More than we give them credit for

I got an email today from a friend whose son started kindergarten yesterday. She admitted to me that as the bus pulled away from their driveway, she cried as if he were shipping out to sea instead of traveling the couple miles to school. What if there was a problem with the bus? What if, for some strange reason, he got locked out of the school? I could commiserate…it seems that every year, as C. gets older, there are more things to worry about. My husband might disagree; he might tell you that I look for things to worry about. But I don’t. Honest. These things just find me somehow.

Although C.’s in second grade this year, we are still experiencing a first: this is his first year to do bus transfers. Last year, I opted out of sending him into the unknown abyss of transfers. Instead, I drove him partway to school and had him picked up and dropped off where there was no need to switch buses. But this year, with a baby at home, I had to admit that having him get on and off the bus here would make my life a whole lot easier. And he was more than ready to give it a try – it seemed like such a grown up thing to do.

I will confess to all of you that I had bus transfer nightmares for the three nights before school began. In my dreams, I was running around frantically, unable to get to the transfer spot, where I was supposed to meet C. to make sure he got on the right bus. I couldn’t find my car, couldn’t find the keys, got in repeated accidents…obstacle after obstacle kept me from doing my part of the transfer process.

[Now in real life, I don't need to go to the transfer bus. I get C. on the bus by our house and off he goes. But you know how dreams are.]

So, Monday morning arrived, and I was doing my best to not act nervous in front of C.. I had prepared in every possible way. I had tested C. on his bus numbers – all four of them. We had driven past the two transfer points, so he would be familiar with them. And I had put “the card” in his backpack.

“C., I put a card in your backpack. It has your bus numbers –”

“But Mom, I know my bus numbers.”

“I know, but just in case. And it has your teacher’s name and your school –”

Mom, I know all that stuff.”

“I know. But just in case. It also has our home phone number –”

“But –”

“I know. You know that, too. But just. in. case. And it has my cell phone number. So if you need any of that information, for any reason at all, it’ll be right there.”

“Okay mom.” (I have a feeling that he was secretly thinking, My mom is a psycho.)

Naturally, he didn’t need the card, he got to school just fine, and he made his transfers without a hitch. We had one minor incident – when the afternoon bus driver cruised right past our house – but that all got worked out, too. C. felt incredibly mature for handling multiple transfers, and I’m pretty proud of him. Sometimes I worry that I keep him “too young” by protecting him from these kinds of things. So this whole experience has been good for both of us. He got some added confidence and pride, and I learned a teeny bit more about the whole letting-go process.

Kids can usually handle more than we give them credit for. At least mine can. I’m still learning how to hold on loosely to him – loving him fiercely while letting him venture a little further into the world all the time. It can be hard to find that balance. But I’ll keep working on it. And keep praying for wisdom. And most likely, I’ll keep finding myself amazed by him.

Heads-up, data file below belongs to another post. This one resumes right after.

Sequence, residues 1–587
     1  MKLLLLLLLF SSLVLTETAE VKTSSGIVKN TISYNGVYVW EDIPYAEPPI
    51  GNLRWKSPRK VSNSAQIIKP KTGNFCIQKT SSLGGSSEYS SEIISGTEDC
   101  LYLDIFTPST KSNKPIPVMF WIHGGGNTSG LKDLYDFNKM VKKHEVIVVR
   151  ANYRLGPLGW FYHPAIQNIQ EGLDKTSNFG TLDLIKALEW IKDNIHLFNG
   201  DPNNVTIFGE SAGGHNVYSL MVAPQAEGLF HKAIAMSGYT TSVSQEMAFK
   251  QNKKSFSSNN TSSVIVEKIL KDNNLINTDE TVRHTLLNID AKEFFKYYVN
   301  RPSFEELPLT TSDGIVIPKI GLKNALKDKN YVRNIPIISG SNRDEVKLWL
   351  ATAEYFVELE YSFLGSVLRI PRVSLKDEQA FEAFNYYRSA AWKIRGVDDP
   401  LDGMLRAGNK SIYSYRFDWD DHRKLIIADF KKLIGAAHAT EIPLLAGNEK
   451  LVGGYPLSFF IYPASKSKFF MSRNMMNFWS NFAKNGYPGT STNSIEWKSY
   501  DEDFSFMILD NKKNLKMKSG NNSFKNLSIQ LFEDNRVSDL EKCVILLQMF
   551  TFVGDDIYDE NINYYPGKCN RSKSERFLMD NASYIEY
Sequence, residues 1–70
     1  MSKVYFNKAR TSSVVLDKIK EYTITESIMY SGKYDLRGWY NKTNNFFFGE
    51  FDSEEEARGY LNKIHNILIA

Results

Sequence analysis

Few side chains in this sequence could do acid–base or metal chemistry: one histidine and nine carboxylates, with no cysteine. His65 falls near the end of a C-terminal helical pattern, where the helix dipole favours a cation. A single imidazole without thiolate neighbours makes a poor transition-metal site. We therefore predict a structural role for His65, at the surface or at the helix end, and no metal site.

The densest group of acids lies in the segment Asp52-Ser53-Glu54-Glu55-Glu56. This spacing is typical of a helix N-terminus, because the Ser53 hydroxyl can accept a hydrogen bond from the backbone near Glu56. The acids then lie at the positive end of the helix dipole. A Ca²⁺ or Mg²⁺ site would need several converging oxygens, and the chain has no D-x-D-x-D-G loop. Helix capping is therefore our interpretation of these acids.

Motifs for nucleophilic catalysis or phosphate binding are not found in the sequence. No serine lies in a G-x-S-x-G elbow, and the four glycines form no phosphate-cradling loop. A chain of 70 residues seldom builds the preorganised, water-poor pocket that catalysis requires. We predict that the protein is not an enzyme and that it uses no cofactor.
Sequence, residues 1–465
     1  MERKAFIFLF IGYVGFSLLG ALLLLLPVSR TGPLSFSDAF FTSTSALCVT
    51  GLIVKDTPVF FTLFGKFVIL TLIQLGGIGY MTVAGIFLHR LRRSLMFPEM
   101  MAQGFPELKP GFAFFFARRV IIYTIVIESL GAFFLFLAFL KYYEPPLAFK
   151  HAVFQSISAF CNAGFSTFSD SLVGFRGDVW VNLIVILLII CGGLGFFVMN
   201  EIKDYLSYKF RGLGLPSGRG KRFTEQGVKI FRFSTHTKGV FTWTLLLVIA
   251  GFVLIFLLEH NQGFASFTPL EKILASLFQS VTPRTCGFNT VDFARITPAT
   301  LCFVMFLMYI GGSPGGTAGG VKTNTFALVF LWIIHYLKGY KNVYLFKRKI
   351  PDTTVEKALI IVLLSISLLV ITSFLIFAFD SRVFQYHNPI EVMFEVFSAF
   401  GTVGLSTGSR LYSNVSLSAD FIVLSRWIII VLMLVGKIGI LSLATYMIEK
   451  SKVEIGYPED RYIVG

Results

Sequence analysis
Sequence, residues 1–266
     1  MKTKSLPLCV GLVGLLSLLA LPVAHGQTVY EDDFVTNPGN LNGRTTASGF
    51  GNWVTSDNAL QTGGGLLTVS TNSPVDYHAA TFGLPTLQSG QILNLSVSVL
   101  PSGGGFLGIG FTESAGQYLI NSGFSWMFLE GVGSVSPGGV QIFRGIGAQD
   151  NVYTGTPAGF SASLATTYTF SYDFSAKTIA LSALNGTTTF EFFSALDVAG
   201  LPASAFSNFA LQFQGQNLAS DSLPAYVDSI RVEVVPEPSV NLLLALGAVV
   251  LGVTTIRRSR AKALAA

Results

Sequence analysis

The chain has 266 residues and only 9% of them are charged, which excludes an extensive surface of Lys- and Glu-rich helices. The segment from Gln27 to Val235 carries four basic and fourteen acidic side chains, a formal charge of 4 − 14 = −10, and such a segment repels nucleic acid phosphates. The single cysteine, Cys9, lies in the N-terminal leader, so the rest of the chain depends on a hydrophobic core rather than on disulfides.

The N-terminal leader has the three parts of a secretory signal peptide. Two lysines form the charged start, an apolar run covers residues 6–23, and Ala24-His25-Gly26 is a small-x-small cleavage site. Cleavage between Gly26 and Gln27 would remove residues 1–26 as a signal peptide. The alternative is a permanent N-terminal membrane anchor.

A couple first-day pictures:

Bright-eyed, bushy-tailed, ready to go

At the bus stop

At his desk


  1. Okay how did you get first day pictures at his desk if you . . . forget it! Just kidding. My, he looks so grown up and handsome! Glad to hear it all went well and BIG KUDOS to you for “letting go” a bit more this year. Believe me, I have a feeling C. will thank you someday. I would.

  2. P.S. A few years ago I took a picture of Mike’s first day of school . . . backpack and all! I love it!

  3. Okay, Dianne, you caught me! :) I ended up meeting C. at school so that he wouldn’t have to carry all 20 lbs of school supplies with him. I stuffed his backpack with as many supplies as we could fit, and then I took the rest. But – and this is the truth – I took a completely different route than the school bus. I did not follow the bus!

  4. He looks SO big. The way he’s standing, his smile, everything. Maybe it’s all that bus-transfering confidence. But really, I do think that we need to give them independence. I’m all about keeping them young. And as if to prove it, my 3rd grade daughter is watching PBS Sprout (a network for preschoolers), and her two year old brother is here with me. . . .

  5. They do grow up don’t they in spite of us and our worries!

  6. Southern Girl says:

    Awww, he’s so handsome! I think I’d probably be one of those mothers sneaking around, following the first bus to make sure he made the transfer okay. You’re a better woman than I am not to have done it. ;)

  7. This sounds like me with my 3 year old starting his first day of preschool next week. I know he is going to do great, but there is that voice in my head saying he can’t be ready for this yet. He is still my baby.

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